Controlling Condensation Issues with Pipe Insulation

12 Oct.,2022


frp fittings

One of the major reasons to add pipe insulation to cold or chilled piping is to prevent condensation.  Did you ever see a chilled liquid pipe line that is uninsulated in the summer?  It looks like the pipe has sprung leaks at every turn and would have you repeating that common saying, "the pipe is sweating".


So what?  A little water on the pipe never caused any harm... Think again.  

Condensation on metal piping caused corrosion to the exterior of the piping.  The moisture on the pipe mixes with oxygen and electrons which results in premature corrosion and rust.  The corrosion will eventually lead to leaks in the piping and pipe fittings.

Moisture provides the lifeline for mold particles and spores to take growth on painted pipes, insulation, and just plain dust/dirt on piping.   This mold growth may spread through contaminated droplets dripping off piping onto the floor, equipment, walls, etc.

Dripping water from pipes in the overhead can cause large puddles in work areas which will cause potential safety hazards.  Employees may slip and fall due to the excess moisture buildup on slippery floor surfaces.

The excess moisture of a "sweating pipe" will build up over time resulting in puddles on the floor, or damage to drywall, ceiling tiles, insulation, and flooring (in finished areas).  When you see brown spots on the ceiling tiles of an office, if its not caused by a roofing leak, its most likely condensation caused by uninsulated piping or HVAC ductwork.


"Pipe sweat", or condensation is simply formed when hot-humid air hits the cold bare surface of a cold pipe.  Just like a glass of ice water will condensate on a hot summer day, pipe sweat is the same principle.  The temperature of the pipe doesn't always have to be as cold as you may think.  As long as the pipe is a temperature below the Dew Point Temperature the pipe will condensate.

Dew point is the temperature at which the moisture in the air visibly forms into liquid or ice. If the surface temperature of an object falls below the dew point, water will form or “condense” on the surface of the object.



When insulating a pipe that has known condensation issues, there are two major considerations.  The first is to make sure the insulation thickness is sufficient to stop the development of condensation.  A large misconception about insulation and the prevention of condensation is that any amount of insulation will work.  This is not correct, as the surface temperature of the insulation itself may still fall below the DPT - Dew Point Temperature.  The insulation wall thickness must be thick enough to increase the surface temperature above the Dew Point Temperature.  The wall thickness calculation takes the following items into consideration:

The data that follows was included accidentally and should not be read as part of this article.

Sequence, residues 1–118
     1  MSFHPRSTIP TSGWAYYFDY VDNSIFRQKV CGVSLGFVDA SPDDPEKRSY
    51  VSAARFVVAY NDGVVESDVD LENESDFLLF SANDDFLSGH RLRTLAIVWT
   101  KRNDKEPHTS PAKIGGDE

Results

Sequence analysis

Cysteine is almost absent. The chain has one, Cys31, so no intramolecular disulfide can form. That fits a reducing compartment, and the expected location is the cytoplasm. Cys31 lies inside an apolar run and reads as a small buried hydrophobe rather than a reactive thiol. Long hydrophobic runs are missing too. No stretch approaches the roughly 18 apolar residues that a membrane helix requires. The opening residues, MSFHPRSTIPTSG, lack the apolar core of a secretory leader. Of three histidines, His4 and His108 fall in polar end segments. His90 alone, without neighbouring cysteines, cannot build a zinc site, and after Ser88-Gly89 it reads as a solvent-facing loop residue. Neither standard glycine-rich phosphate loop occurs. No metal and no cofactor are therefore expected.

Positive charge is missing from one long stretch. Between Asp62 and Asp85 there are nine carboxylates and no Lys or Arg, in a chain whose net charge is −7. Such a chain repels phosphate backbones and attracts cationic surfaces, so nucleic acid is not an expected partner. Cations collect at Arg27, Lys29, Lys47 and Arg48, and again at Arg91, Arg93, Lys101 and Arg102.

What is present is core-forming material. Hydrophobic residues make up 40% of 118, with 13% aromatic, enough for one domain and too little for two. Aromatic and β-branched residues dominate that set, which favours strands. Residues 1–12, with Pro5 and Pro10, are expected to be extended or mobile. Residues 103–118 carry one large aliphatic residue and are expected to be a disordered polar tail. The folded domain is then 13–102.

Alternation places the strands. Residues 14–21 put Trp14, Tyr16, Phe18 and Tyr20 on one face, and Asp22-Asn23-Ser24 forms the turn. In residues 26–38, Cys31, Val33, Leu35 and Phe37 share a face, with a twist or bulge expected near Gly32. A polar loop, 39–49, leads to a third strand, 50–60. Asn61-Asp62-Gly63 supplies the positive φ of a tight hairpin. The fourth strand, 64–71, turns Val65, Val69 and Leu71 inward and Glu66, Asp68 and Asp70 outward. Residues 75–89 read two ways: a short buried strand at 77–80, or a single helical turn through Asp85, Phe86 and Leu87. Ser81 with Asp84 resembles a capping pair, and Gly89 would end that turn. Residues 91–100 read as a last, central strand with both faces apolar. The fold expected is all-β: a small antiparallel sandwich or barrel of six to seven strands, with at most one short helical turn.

• Operating Temperature of the Pipe Itself
  • Ambient Air Temperature in Worst Case Scenario
  • Ambient Relative Humidity (%)
  • Wind Speed (if applicable in exterior applications)

*Please contact Buy Insulation Products for your DPT- Dew Point Temperature calculation and insulation thickness recommendation.


Once you have the proper insulation wall thickness properly chosen, the next factor to consider is the Vapor Barrier (also referred to as a Moisture Barrier).  The Vapor Barrier prevents water vapor, or basically humid air from infiltrating the insulation and making contact with the pipe itself.  Maintaining a Vapor Barrier throughout the entire pipe insulation system is key to preventing condensation and insulation damage.  Fiberglass Pipe Insulation comes with a pre-installed Vapor Barrier in the form of a white paper jacketing referred to as ASJ (All-Service Jacket).  The ASJ jacket comes with an SSL (Self-Sealing Lap) which seals the vapor barrier at the 3ft seams.  Buy Insulation Products provides "butt strips" which are 3" wide strips of tape which are applied over the butting joint of two sections of fiberglass pipe insulation.  If sealed properly the vapor barrier will be maintained to prevent condensation.  One of the largest problem areas is at pipe fittings (90°/45° elbows, tees etc.).  The insulator must take extra precaution to seal the PVC fitting covers to the fiberglass pipe insulation.  Sealing the joint between the PVC cover and the pipe insulation with PVC Vinyl Tape is imperative to stop air infiltration in the trouble area.


When installing fiberglass pipe insulation on a pipe that is known or suspected of condensation, we highly recommend compartmentalizing the new insulation system into sections.  Basically this means that we divide the pipe insulation into small sections to prevent damage of larger sections of insulation caused by condensation infiltration.  We can accomplish this by sealing the edges of fiberglass pipe insulation with CP-11 mastic to make the edges of the sections water resistant.  The sealing of fiberglass pipe insulation with mastic is essential at PVC fitting covers.  Both sides of the fiberglass pipe insulation of a 90° elbow cover should be sealed with mastic to the pipe (see image below).